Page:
According to Strutt & Parker's residential report for Q3 2017, national house price growth has slowed, but continues to show a positive trend.
UK house prices grew 2.3% in the year to Q3 2017, and the national picture has been driven by strong growth outside of London, with the East Midlands, South West and West Midlands all experiencing over 4.5% growth. National house prices are now 13.9% above the 2017 peak.
Guy Robinson, Head of Residential Agency at Strutt & Parker, said: “Despite the slowdown in UK house price growth, the residential market remains active, and Strutt & Parker has recorded an 8.3% annual increase in the number of transactions concluded across the country. Over the past quarter we have seen the impact of political and economic uncertainty on house prices spread from prime central London out to the residential market around the M25, although sensible pricing and other adjustments by all parties can help the market in the commuter belt from becoming stagnant.
The most valuable players in the UK property market this quarter have been in the South West and the Midlands, which are experiencing growth above the national average. These regions benefit from popular cities and market towns with good housing stock and infrastructure, and there is a healthy number of buyers stepping in to take advantage of good schools and affordability.”
London, which has traditionally experienced the strongest growth rates in the UK, has been the worst performing region in 2017, with a negative growth rate of -0.6% (NHPI). Prime central London (PCL) prices have declined for the third consecutive quarter of 2017 with quarterly decrease of 1.0%, following a 1.2% decrease in Q2. This means prices have fallen around 3% so far in 2017 and are down by 5% compared to the same time a year ago. However, it is worth noting that London house prices are still 54.6% above the 2007 peak (NHPI).
Previously it was believed much of the downward pressure on PCL house prices due to Brexit had already been experienced. However, prices in the high value brackets (£2m-£5m and £5m+ brackets) have continued to fall and transaction levels, which at one point appeared to be picking up, have now fallen again. Substantial economic and political uncertainty remains and its does not look likely that will resolve any time soon.
Charlie Willis, Head of London Residential Agency at Strutt & Parker, said: “Prime central London tends to be ahead of the curve in reacting to the political and economic mood, and it experienced a marked slowdown a year and a half ago. Seller expectations are realigning in most situations, with appropriate asking price adjustments. As we head into 2018, we envisage seeing a more active market with an increase in the number of buyers and sellers alike.
Affordability and value are still important even when the buyer profile in prime central London often consists of cash rich buyers. It is a misconception that cash buyers in prime central London are shielded against changes in interest rates and the wider economy. Many cash buyers still need some form of finance, usually having significant other investments, and will be looking to lenders to finance refurbishment and other improvement works by taking loans out against their property investments.”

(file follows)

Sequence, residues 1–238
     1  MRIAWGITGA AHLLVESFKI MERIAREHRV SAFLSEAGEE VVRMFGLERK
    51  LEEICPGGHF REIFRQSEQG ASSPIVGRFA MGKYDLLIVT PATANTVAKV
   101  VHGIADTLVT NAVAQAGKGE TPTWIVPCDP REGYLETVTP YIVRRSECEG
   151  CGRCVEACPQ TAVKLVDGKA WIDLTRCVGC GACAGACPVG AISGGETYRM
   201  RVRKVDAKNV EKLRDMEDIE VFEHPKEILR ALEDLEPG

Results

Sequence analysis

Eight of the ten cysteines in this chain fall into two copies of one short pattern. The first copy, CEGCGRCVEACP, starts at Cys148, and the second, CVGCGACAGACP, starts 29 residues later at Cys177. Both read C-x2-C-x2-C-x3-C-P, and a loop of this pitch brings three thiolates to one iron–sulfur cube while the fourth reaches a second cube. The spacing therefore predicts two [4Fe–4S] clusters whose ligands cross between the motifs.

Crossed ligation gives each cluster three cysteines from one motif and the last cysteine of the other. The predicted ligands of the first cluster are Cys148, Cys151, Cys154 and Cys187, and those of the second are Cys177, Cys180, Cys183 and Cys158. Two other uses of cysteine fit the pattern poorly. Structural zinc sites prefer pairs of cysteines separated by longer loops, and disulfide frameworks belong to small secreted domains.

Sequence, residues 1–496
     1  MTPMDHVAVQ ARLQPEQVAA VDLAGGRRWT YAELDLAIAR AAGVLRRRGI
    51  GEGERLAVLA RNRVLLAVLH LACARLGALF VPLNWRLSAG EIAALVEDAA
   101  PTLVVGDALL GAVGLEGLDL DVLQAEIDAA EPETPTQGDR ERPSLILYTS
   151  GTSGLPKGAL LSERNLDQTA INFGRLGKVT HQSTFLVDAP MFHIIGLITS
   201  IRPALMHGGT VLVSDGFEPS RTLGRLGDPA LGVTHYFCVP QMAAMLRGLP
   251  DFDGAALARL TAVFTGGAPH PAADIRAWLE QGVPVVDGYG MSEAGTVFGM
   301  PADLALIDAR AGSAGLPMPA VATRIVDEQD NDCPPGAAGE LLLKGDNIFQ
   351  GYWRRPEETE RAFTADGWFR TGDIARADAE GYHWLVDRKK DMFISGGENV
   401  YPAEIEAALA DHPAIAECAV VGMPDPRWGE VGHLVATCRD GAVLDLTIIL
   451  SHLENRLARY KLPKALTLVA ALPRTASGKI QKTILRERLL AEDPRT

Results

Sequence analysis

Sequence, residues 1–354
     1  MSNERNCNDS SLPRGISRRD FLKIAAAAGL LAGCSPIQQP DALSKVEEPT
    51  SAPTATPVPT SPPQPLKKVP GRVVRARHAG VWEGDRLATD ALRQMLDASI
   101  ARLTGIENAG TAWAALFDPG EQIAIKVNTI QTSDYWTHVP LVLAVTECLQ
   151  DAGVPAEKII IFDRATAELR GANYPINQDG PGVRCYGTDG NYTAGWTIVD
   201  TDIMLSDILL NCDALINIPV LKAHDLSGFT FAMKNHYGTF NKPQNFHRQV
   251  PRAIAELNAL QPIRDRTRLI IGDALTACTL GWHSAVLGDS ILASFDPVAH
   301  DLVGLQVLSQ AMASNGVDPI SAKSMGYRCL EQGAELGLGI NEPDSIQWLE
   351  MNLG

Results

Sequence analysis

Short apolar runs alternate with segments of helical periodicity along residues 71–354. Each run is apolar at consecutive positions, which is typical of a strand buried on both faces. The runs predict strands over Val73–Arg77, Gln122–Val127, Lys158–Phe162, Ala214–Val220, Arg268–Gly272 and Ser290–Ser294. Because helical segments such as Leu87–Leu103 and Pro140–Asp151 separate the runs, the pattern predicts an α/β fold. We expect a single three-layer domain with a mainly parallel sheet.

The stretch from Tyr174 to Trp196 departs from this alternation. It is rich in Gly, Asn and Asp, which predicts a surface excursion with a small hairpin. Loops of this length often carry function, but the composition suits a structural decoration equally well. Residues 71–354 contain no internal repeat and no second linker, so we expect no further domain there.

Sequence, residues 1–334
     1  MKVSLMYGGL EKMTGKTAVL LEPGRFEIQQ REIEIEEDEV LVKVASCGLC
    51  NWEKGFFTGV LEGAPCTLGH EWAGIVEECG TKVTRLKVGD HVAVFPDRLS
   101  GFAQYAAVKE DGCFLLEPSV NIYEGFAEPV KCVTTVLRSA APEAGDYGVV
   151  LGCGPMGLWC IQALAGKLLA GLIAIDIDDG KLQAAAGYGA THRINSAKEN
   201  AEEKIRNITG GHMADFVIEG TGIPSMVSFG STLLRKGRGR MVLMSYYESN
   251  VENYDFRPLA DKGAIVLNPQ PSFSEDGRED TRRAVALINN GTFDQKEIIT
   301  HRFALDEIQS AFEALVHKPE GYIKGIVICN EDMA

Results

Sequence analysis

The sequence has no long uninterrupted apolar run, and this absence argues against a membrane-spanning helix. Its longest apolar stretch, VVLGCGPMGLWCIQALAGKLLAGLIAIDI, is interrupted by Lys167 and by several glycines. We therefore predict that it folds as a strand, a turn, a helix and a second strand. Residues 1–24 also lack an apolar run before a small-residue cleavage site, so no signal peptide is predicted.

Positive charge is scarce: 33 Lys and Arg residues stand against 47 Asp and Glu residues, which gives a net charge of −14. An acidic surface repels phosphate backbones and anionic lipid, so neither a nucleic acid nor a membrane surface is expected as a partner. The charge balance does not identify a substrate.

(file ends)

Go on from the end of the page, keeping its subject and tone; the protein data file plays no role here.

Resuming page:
Strutt & Parker, alongside its economic forecasters Volterra, is forecasting 0.0% growth in PCL in 2018 as a best case scenario (with downside risk at -5.0%) and 2.5% growth for 2018 across the UK.
Vanessa Hale from the Research division at Strutt & Parker, said: “In the face of far from optimum conditions, it is forecast that the UK economy will grow by 1.6% over the whole of 2017, while forecasts for 2018 and 2019 have been downgraded to 1.2% and 1.4% respectively. While political and economic conditions remain uncertain, we have seen slower than expected house price growth. With the current Brexit negotiations underway, we continue to maintain that from 2019 onwards it is extremely difficult to forecast the housing market with any certainly, but we would expect some bounce back and a return to growth once more political stability has returned.”
Interest rates rise
On 1 November the Bank of England finally increased the official bank rate – from 0.25% to 0.5% – the first interest rate rise in over ten years. The rate remains very low by historic standards, but it will increase mortgage rates for some households, as well as increasing savings rates for others. Financial markets are indicating two more interest rate increases over the next 3 years, taking the official rate to 1%.
Stephanie McMahon, Head of Research at Strutt & Parker, said: “Although expected by many this rise in interest rates will have an impact on mortgages. As a reversal on the August 2016 cut it could be argued that the shift may not be significant, it will be compounded however, by a further year of limited wage growth combined with inflation. As a consequence, greater pressure is being put on household discretionary income.”